NY Continues to Increase Access to Medical Marijuana

April 18, 2017 | Health Services

Under New York’s medical marijuana program, which is tightly regulated by the New York Department of Health (“DOH”), patients with serious medical conditions can become certified for use of medical marijuana under the supervision of a licensed healthcare provider. As of March 2017, DOH added two enhancements to the program to increase patient access. First, Physician Assistants (“PAs”) are now permitted to prescribe medical marijuana. This enhancement comes just a few months after Nurse Practitioners (“NPs”) became eligible to prescribe the treatment back in November 2016. Second, chronic pain has been added to the list of qualifying conditions.

In order to participate and legally prescribe medical marijuana under the New York program, healthcare providers must register with the DOH. PAs are now eligible, along with NPs and physicians, to register with the DOH, provided, however, that their supervising physician is also registered. The registration form for PAs, which must also be signed by the PA’s supervising physician, is available on the DOH website at https://www.health.ny.gov/forms/doh-5246.pdf. Registered providers must also complete a four-hour course on medical marijuana offered by the DOH.

Once registered, providers can certify patients for use of medical marijuana so long as the patients meet certain conditions. The conditions that qualify for medical marijuana treatment are cancer, HIV or AIDS, amyotrophic lateral sclerosis (ALS), Parkinson’s disease, multiple sclerosis, damage to the nervous tissue of the spinal cord with objective neurological indication of intractable spasticity, epilepsy, inflammatory bowel disease, neuropathy, Huntington’s disease and, as of March 22, 2017, chronic pain. The regulations define chronic pain as “any severe debilitating pain that the practitioner determines degrades health and functional capability; where the patient has contraindications, has experienced intolerable side effects, or has experienced failure of one or more previously tried therapeutic options” and such pain must have lasted, or is reasonably anticipated to last, at least three months.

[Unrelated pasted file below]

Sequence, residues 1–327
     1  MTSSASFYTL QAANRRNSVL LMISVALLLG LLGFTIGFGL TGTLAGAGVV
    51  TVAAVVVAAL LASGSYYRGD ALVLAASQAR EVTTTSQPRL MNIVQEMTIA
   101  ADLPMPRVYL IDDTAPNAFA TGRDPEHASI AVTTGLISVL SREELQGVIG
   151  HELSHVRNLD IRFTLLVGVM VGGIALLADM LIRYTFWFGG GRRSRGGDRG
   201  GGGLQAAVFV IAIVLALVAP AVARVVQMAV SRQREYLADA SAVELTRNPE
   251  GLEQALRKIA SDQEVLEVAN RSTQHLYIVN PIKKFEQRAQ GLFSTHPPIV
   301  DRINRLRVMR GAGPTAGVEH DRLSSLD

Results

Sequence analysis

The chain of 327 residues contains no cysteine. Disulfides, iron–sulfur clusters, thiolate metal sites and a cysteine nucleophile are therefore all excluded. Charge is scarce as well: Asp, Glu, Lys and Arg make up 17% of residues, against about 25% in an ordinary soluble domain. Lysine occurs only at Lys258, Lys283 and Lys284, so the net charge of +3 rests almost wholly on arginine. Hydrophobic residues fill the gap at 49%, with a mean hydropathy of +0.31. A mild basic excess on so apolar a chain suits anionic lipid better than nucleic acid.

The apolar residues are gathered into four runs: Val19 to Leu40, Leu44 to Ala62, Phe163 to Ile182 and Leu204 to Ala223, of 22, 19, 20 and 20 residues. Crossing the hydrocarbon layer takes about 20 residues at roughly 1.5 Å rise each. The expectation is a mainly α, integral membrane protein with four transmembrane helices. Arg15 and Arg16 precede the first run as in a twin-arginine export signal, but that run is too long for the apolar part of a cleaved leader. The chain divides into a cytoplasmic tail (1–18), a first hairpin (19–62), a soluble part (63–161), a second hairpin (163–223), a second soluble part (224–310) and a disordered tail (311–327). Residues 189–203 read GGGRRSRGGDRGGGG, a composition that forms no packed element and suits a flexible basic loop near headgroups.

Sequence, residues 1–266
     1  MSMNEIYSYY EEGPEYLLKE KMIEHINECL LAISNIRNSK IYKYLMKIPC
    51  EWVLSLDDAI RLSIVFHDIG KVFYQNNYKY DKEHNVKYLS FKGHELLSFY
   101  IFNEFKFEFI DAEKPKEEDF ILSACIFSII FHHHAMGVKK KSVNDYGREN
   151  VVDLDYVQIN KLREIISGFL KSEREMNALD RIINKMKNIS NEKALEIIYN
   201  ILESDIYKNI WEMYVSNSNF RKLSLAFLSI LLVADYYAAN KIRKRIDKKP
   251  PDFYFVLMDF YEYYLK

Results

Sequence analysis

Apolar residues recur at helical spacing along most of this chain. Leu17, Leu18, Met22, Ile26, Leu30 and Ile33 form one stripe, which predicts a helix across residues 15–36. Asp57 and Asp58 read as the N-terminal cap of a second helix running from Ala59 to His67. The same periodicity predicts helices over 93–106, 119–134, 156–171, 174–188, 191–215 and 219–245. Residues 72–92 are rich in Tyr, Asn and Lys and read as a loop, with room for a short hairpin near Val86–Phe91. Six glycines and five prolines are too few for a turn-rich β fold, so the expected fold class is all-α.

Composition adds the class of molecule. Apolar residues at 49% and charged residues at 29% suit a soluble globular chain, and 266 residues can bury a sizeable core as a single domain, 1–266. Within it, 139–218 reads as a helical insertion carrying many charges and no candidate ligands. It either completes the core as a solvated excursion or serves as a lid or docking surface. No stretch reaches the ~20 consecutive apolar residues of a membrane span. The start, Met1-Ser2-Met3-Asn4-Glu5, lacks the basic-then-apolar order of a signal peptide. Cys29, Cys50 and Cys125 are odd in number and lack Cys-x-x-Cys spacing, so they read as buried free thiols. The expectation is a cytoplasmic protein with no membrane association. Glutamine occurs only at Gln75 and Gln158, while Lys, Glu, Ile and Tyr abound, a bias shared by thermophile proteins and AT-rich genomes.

New York’s Commissioner of Health, Dr. Howard A. Zucker, applauded the recent expansion of the medical marijuana program. He stated: “Improving patient access to medical marijuana continues to be one of our top priorities, as it has been since the launch of the program. These key enhancements further that goal. Medical marijuana is already making a difference for patients across New York State, and we are constantly evaluating the program to see how we can make it better.” As of April 4, 2017, over 900 providers have registered with the DOH and over 16,000 patients have been certified under the medical marijuana program.

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